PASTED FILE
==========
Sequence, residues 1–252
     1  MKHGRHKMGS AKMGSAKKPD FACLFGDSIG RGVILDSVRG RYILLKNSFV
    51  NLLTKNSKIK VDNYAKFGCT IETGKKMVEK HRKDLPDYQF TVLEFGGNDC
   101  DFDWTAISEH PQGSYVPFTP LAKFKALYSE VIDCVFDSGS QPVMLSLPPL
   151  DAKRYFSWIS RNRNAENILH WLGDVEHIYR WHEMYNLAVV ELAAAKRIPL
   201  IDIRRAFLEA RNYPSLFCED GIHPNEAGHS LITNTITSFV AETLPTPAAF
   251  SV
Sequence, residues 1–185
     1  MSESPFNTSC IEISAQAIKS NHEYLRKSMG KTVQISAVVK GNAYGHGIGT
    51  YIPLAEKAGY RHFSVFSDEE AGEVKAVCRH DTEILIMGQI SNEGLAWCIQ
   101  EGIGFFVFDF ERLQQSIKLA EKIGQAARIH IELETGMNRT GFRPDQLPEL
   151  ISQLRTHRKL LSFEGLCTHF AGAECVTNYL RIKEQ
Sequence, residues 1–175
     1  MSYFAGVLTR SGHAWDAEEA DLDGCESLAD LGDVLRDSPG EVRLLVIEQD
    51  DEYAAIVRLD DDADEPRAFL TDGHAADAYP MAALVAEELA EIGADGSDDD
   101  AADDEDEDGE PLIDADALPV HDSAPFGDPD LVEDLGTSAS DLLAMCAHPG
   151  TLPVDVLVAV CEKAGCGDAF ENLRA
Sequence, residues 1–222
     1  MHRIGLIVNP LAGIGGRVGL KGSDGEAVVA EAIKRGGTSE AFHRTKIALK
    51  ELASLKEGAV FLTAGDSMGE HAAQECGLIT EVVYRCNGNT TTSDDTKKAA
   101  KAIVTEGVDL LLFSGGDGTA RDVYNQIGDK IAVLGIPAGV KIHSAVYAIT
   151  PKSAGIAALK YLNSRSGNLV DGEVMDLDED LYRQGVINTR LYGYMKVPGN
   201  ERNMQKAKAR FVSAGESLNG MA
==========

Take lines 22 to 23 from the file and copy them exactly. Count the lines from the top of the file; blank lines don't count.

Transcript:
   151  PKSAGIAALK YLNSRSGNLV DGEVMDLDED LYRQGVINTR LYGYMKVPGN
   201  ERNMQKAKAR FVSAGESLNG MA